The cocktail party that is Facebook.

Getting this blog started has been crazy hard. There have certainly been some logistical challenges involving kids and chickens and disconnected internet service because I forget to pay my bills, and the fact that I lost the laptop cord, and that I don’t like any of the free layout options, but the real challenge—the one that makes me sweat—is that writing here requires a lot of honesty. And while I’m a pretty honest person in real life, I’m struggling with how and what to put on paper and present to the exactly three people that will read it.

You see, I think about my Facebook page as a room in which I am hosting a cocktail party. Light conversation, music in the background, funny anecdotes and giggling, with hints of politics/current events/heavy topics—but just HINTS. Everyone keep your manners in check, because it’s my online COCKTAIL PARTY!

This whole blog thing…well, it’s more like a date. A quiet restaurant, one-on-one, with lots of talking. I can’t get away with just the one funny sentence and move on, as I do at the cocktail party. Cocktails parties only involve worrying about your outfit. Dates involve a whole different level of worrying.

So, we’ll see how this goes. I’m going to give it a try, at least.  I’ll probably just talk a lot about chickens.

Cheers,

Angela

5:00 news.

“Do you think that you will ever forgive me?” He said it in a very small voice. “I see how upset you are.  I never thought the day would end like this.”

I have never allowed my kids to watch the news. The world is so messy, and I just don’t want them to know about it yet. So I give my mother stern looks and snatch her remote control if the news happens to be on when we arrive unannounced.  I change the radio station if they start to talk about Lindsey Lohan’s latest arrest and then I send scolding tweets to deejays for talking about anything remotely interesting before I have personally dropped my kids off at school.  I turn over magazines with war stories on the covers.  As a result, I generally have no idea what is happening in the world.  As another result, my kids still think that Winnie the Pooh has scary parts.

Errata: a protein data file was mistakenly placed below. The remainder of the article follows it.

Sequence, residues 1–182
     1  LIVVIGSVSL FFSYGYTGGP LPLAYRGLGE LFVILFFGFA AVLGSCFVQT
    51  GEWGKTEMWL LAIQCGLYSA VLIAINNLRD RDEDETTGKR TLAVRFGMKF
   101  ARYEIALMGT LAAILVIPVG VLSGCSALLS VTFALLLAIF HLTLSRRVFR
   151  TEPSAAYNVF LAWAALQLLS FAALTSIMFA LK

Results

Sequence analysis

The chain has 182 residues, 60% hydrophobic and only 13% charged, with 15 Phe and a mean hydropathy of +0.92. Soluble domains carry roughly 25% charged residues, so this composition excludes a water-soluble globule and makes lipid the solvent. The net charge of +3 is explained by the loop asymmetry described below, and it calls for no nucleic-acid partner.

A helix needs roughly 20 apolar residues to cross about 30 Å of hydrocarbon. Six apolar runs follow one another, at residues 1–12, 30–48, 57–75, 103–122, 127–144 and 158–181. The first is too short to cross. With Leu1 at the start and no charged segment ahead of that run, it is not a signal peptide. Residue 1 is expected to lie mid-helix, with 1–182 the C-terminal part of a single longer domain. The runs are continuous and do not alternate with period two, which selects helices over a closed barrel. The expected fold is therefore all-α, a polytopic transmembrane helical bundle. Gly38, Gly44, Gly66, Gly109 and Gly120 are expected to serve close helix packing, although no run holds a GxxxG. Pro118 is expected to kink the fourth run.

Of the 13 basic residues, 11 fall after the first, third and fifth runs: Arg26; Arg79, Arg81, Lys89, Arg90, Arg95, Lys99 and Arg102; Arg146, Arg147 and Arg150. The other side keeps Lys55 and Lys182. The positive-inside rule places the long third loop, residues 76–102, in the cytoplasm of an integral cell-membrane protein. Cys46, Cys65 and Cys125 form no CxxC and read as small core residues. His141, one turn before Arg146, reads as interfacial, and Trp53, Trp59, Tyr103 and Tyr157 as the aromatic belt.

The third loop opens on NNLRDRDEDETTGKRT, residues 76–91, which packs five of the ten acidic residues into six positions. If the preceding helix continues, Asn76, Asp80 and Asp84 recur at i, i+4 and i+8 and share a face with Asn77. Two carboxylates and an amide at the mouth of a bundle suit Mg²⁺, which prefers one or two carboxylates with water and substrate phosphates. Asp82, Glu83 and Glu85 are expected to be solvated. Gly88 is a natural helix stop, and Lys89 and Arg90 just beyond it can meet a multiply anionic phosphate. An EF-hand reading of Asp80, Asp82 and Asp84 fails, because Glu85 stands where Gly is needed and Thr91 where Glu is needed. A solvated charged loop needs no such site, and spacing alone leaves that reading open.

So, I’m not sure why I didn’t see what was happening the other day when Cypress almost ruined the 5:00 news.  You see, we are Cub Scout people, and tiger cubs get to visit a TV news station on their way to earning the illustrious “wolf” patch.  (I’m probably getting my terminology all wrong here but I’m too lazy to go downstairs and look in the little handbook.)

I asked a friend who happens to be a newscaster if he could help us, and he put together the coolest tour for these little people-a tour that would culminate in a LIVE viewing of the news.  It was to be a very special experience.  But my little person was already on edge.  I, and anyone else within 40 yards, can tell when my boy is pissy.  And because I am very smart, I like to arrange special things like this at 5:00 on Fridays.  You know, the time that adults start drinking.  Because they are on edge, too.  Probably because they are depressed about what’s on the news.

Anyway, before the actual broadcast, I overheard him arguing a little with the boys.  There was an aerial image onscreen, not overly graphic, of a body that had been found.  Cy was determined that the person was sleeping.  The other boys, of course, were right. The person was dead.

Now here’s the thing-as soon as I heard that conversation, my mommy bat senses started pinging. But here’s the other thing-Cy is not always easy. It’s important to him to be right.  To feel in control. Some people might call this bossiness.  They are totally right.  So, that trait always worries (bugs) me and there at the news station, I ignored my bat senses in favor of being bugged.

SO-when he started saying (quietly at first) “I want to go home” and then telling me that he didn’t want to listen, DURING the actual newscast, where you are supposed to be completely silent, I clapped my hand over his mouth, gave him the armpit death grip maneuver, and got him the hell out of that studio.

And then I gave him the big what-for, complete with finger shaking.  I kicked him out of cub scouts.  I sold him to the gypsies. I had visions of him being arrested for disorderly conduct.

I just couldn’t believe that he had been so disrespectful of my friend’s request that they stay silent.

Later that night, when we were finally alone, that’s when he said, in the quiet voice, the small, scared melt-your-heart voice,  “it was scary mommy.  There was a dead person on the screen.  And then they were talking about diagnosis.  And sickness. I’m sorry. I wanted to go home.  Do you think you’ll ever forgive me?  I never thought the day would end like this.”

We have a lot of things to work on, my unmoving Cy and I. Even though I wish he had behaved the right way in the moment, I’m really very proud of his soft heart. I’m thinking with some time, he’ll learn to keep his big ‘ole feelings in check. I hope so, because the only mugshot I want to see on the 5:00 news is Justin Bieber’s.